When making Asian coconut cream-based curries, recipes often say to heat the coconut cream in a wok first until it separates, before adding spices etc. I have great trouble getting mine to separate at all. Does it matter? Laura
Oh the good old days . . . I can remember when you would put a can of coconut milk (as I’m sure it used to be called before it became coconut cream) in the fridge for a few hours before making a curry. The fat naturally floats on the top (just as cream floats on top of milk), and chilling would cause the fat to really firm up. You’d open the tin upside down to decant the liquid out, then turn the can over and take off the top, and push the set fat out of the tin. The fat could then be used for cooking sauces, curries etc, and the liquid lower parts could be added to a curry once the spices were cooked. If you make your own coconut cream as I most recently did in Niue, by finely grating fresh coconut flesh then squeezing the moisture from it, you’ll find you can put that into a bowl or jug, place it in the fridge, and you’ll also be able to separate the fat from the liquid.
These days, most coconut creams seem to be somewhat emulsified and there is simply no separation, so although they can seem richer, I’m thinking they’re probably less so. The emulsification means the liquid and fats are suspended together so every tablespoon is a combination of coconut fat and coconut “water”. This means that if you wanted to fry your curry paste and spices in coconut oil, you’d have to boil the coconut cream for quite a while before the water evaporates, leaving the split and separated coconut oil (ie fat) sizzling away. For those readers who perhaps don’t understand this concept — it’s particular to Southeast Asian and Southern Indian kitchens (where coconuts are abundant), whereby instead of frying spices and pastes in vegetable oil as you probably do normally, you cook coconut cream over high heat until the liquid has evaporated and the fat begins to sizzle, which you then use as though it were vegetable oil. It gives the curry a delicious coconutty flavour and though it’ll still be rich and high in kilojoules, you’ll feel virtuous that you didn’t add any extra oil or fat.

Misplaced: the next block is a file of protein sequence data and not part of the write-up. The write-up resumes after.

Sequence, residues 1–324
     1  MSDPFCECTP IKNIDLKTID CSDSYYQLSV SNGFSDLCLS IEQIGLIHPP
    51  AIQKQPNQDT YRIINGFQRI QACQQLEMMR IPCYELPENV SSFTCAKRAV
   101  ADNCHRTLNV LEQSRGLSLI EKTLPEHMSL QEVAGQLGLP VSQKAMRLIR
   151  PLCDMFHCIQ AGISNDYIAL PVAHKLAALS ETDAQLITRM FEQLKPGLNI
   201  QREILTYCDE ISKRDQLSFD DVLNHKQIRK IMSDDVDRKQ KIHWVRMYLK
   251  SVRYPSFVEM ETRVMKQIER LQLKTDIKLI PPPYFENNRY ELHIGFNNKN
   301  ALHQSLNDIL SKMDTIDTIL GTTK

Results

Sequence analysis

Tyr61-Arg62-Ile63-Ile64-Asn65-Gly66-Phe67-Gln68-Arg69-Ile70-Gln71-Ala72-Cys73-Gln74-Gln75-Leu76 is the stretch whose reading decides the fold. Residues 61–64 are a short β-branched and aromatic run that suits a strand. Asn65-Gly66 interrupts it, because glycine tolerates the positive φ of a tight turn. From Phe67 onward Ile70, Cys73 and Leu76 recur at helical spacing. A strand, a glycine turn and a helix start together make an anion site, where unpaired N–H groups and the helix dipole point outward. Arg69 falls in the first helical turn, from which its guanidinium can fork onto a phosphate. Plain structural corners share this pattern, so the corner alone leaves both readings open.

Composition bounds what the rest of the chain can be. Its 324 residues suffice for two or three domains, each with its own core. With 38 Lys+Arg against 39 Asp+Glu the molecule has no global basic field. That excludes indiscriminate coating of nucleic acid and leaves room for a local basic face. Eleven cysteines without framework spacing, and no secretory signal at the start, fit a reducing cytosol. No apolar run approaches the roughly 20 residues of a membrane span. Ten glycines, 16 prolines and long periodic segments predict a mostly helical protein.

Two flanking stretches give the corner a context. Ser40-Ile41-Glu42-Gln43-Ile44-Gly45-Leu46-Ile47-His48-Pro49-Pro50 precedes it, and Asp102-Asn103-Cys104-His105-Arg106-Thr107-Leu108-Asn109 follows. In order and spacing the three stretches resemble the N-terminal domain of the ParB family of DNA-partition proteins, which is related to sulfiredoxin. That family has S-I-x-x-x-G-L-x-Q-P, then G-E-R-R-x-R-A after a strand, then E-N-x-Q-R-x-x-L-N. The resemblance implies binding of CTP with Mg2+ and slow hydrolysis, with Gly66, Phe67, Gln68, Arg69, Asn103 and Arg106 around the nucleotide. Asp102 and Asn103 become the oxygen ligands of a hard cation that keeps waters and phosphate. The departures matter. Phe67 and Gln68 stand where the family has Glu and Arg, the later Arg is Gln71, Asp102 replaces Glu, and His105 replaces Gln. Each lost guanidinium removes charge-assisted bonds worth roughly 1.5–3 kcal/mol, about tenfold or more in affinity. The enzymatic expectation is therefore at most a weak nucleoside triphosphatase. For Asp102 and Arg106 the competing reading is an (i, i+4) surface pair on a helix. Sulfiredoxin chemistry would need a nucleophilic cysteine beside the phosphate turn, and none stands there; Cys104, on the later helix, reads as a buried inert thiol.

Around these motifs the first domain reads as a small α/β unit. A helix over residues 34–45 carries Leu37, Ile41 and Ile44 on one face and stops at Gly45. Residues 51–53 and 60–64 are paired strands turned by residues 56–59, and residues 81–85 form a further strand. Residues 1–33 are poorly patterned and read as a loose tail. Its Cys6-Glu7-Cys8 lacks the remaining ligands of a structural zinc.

To get around these modern coconut creams, you can of course simply fry your paste and spices in coconut oil, then add a can of the cream as you would normally as the liquid in the curry or soup. But if you’re keen to make it the more traditional way then you need to cook it in a wide-based pan or wok (to allow for more evaporation — a small pan will simply simmer away until you get bored with the concept and give up) over medium heat, and you’ll need to be patient.
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If you want to make your own coconut cream and you have access to a fresh coconut, then apart from opening the coconut in the first place, it's quite easy and fun to do. Remove the hard brown shell and cut the coconut flesh into 4 or so pieces, and peel the brown 'skin' off with a potato peeler. Slice the white flesh into smallish pieces and place in a blender, filling only a quarter full. Cover with tap-hot water to fill it half-way. Start blending on slow then gradually increase to full speed for 30 seconds. Tip into a fine sieve and repeat until you've blended all the flesh. Press the liquid from the flesh (you could squeeze it out from a clean tea towel) and what you now have is coconut milk. If you're making a cake or a curry you can add the pureed fleshy bits as well which add texture and a little flavour to the finished dish.
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